Author: Robin Fish

    Note: Creation Moments exists to provide Biblically sound materials to the Church in the area of Bible and science relationships. This Bible study may be reproduced for group use.

    The emphasis in modern education has shifted to values, not data. Children are being taught attitudes and morals instead of skills and information. This is a shift from the past, when schools taught subjects and acted as a force for conserving our society’s mores and values instead of being agencies for change. Still, even in the past the schools also taught values. The question we will examine in this Bible study is what we ought to be teaching in our schools.

    In the Bible times schools were relatively uncommon. Instruction was done at home by the family. Our society has chosen to establish schools to assist parents in their God-given duty to teach their children. Therefore, this study will draw no distinction between what the Scriptures tell parents to teach and what schools ought to teach, as schools are an extension of the teaching office of the family. With this understanding we look at Scripture and ask, “What should we teach?”

    In pre-technical societies survival skills were often less complex than in our society. There was no general need for complex mathematics, detailed world histories, or science classes. Individuals learned social skills, family history, language, and a trade at home. Writing was important, as was language, and these were learned as a matter of course in the conduct of daily life. In today’s world survival skills often involve more technical training, or detailed science training which requires schooling at great length. These technical studies, as well as the modern invention of the “elective course”, are not mentioned in Scripture. Education was presumed to prepare the individual for survival in society, so we will not debate the instruction in the skills area. These are “trade” training in a technological society.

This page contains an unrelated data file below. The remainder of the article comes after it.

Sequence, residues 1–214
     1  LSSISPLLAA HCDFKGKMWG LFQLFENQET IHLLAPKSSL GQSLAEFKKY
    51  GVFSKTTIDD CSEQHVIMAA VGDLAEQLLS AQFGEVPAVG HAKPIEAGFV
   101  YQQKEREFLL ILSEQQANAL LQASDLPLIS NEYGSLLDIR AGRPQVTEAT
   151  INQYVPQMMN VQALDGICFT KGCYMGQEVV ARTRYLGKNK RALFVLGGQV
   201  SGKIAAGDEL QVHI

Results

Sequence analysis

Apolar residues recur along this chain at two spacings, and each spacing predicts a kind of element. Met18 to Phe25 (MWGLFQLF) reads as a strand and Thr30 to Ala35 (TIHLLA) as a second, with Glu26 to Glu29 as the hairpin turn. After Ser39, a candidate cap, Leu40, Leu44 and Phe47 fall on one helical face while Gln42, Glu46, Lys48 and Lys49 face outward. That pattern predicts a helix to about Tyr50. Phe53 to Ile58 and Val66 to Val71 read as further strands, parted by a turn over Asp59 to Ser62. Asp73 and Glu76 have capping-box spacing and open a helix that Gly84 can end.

1. What Scripture speaks of as needed in instruction, and what is the focus of the modern concern over the direction of public education, is values education. The question is, what values should be taught? Turn to Proverbs 1:7. What does this verse suggest as worthwhile to teach?

    Does the phrase “beginning of knowledge” suggest that this should be a foundation for all education? In order to clarify this, read Proverbs 2:2-5. Make a list of the words Solomon used to express the idea of “that which is to be learned.”

    What does each word add to your knowledge of the nature of education? Is there any suggestion that education ought to be an agency for change or revolution?

    2. Proverbs 4:1-9 is a poetic encouragement to attentive study. In it a father encourages his son to “acquire wisdom” and “get understanding”. In the light of this passage, discuss the oft-repeated idea that education should teach a student how to think. Is this idea valid?

    In the light of Psalm 111:10, what is an essential element in the proper “how to” of thinking? Compare your thoughts on this with Psalm 34:11.